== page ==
Islam in Central Asia and the Caucasus since the Fall of the Soviet Union
London : Hurst Publishers
Comparative Politics and International Studies Series
Central Asia, Caucasus, islam, history, religion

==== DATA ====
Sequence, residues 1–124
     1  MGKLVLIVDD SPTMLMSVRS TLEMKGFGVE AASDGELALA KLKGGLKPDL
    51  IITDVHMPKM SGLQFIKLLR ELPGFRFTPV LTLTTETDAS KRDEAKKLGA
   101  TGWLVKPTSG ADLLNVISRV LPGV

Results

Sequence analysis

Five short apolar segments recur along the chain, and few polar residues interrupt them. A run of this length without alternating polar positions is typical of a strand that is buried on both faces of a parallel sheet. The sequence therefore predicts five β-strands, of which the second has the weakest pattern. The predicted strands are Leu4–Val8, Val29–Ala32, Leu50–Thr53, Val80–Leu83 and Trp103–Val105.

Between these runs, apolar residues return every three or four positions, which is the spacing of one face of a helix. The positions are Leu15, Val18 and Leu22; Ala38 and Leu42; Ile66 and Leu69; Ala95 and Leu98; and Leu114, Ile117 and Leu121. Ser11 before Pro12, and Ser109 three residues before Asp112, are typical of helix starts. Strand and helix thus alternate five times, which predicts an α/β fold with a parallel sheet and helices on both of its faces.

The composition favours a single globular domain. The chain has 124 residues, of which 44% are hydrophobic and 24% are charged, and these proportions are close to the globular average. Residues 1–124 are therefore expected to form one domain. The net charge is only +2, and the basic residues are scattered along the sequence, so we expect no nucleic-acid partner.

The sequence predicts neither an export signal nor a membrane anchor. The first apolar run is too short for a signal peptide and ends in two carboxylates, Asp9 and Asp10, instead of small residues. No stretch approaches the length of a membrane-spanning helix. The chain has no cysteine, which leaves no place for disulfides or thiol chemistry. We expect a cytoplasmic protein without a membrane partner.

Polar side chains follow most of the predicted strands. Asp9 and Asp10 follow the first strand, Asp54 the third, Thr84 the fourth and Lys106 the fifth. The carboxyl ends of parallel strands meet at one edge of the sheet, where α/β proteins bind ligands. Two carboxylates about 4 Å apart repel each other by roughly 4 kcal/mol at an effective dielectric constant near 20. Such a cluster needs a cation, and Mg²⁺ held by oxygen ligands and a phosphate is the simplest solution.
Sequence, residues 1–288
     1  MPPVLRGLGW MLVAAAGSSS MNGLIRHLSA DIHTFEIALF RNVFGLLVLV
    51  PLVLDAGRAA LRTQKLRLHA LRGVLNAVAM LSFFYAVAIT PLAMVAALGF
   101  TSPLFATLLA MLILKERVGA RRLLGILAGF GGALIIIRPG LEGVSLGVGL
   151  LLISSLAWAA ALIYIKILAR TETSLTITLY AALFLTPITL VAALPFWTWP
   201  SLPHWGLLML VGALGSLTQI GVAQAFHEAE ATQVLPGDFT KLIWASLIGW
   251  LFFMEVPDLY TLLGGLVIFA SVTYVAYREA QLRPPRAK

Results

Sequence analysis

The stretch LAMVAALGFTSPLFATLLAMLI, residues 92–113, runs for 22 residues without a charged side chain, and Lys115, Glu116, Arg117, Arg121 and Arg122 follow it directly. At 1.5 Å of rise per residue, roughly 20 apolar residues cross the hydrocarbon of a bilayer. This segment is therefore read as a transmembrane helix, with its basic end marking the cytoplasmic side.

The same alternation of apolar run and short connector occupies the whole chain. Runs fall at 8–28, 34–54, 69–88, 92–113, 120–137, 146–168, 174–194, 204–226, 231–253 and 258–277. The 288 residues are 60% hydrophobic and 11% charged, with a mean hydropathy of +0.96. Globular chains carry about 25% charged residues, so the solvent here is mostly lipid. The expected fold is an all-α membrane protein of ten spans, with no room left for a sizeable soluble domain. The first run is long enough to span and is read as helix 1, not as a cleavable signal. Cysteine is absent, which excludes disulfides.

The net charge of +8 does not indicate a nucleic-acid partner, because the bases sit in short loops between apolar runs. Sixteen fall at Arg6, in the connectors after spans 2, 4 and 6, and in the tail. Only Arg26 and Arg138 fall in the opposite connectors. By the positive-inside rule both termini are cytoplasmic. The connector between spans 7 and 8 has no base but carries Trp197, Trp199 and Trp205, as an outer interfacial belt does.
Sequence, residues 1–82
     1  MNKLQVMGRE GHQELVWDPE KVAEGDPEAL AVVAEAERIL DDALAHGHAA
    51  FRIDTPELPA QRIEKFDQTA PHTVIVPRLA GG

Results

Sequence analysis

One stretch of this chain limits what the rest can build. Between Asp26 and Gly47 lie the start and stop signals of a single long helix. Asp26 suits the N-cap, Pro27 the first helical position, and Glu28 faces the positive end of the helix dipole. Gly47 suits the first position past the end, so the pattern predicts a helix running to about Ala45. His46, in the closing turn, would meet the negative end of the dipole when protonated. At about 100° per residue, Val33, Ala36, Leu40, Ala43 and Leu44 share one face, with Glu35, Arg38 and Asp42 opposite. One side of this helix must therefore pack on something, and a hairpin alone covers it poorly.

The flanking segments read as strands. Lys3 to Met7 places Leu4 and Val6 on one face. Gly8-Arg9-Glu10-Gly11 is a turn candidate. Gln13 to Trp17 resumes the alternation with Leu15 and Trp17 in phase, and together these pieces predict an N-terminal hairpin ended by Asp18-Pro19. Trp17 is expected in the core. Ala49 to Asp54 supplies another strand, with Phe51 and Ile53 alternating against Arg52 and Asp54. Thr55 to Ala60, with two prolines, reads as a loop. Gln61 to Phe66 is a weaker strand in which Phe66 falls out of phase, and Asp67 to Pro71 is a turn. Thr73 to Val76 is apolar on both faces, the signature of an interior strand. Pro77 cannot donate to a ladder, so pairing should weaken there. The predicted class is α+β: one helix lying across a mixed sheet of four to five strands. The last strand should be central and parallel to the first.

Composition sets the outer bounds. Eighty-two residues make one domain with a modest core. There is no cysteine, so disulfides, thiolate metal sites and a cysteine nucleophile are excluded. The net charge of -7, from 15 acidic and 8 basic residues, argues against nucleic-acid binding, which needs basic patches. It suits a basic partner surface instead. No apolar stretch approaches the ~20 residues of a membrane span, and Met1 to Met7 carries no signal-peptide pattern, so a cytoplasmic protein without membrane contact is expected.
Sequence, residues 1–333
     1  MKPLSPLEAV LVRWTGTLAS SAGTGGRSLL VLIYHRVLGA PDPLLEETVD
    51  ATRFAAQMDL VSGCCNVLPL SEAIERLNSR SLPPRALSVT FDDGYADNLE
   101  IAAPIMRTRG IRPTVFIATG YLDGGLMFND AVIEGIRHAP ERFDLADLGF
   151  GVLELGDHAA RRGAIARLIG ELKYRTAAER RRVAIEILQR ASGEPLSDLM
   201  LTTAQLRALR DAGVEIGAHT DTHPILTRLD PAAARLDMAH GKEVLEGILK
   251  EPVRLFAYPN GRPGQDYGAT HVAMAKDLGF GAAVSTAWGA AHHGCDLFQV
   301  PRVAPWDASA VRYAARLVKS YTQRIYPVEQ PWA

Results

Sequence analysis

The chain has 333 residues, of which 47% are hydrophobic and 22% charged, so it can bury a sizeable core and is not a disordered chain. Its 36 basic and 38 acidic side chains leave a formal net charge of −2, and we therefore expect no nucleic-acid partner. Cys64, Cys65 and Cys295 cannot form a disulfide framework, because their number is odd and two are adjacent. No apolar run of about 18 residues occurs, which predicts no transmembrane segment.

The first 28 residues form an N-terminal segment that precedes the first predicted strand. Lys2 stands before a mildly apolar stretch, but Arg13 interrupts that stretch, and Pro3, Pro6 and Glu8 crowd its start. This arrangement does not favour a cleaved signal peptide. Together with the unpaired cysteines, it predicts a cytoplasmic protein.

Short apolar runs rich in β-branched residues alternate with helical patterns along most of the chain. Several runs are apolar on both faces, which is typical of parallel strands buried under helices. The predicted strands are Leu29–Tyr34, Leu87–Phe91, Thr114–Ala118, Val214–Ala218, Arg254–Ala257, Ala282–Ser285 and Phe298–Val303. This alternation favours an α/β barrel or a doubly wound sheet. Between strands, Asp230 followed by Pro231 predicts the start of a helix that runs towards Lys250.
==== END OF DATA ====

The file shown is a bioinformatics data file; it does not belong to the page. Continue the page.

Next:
With the end of the Soviet Union in 1991, a major turning point in all former Soviet republics, Central Asian and Caucasian countries began to reflect on their history and identities. As a consequence of their opening up to the global exchange of ideas, various strains of Islam and trends in Islamic thought have nourished the Islamic revival that had already started in the context of glasnost and perestroika—from Turkey, Iran, the Arabian Peninsula, and from the Indian subcontinent; the four regions with strong ties to Central Asian and Caucasian Islam in the years before Soviet occupation. Bayram Balci seeks to analyse how these new Islamic influences have reached local societies and how they have interacted with pre-existing religious belief and practice. Combining exceptional erudition with rare first-hand research, Balci’s book provides a sophisticated account of both the internal dynamics and external influences in the evolution of Islam in the region.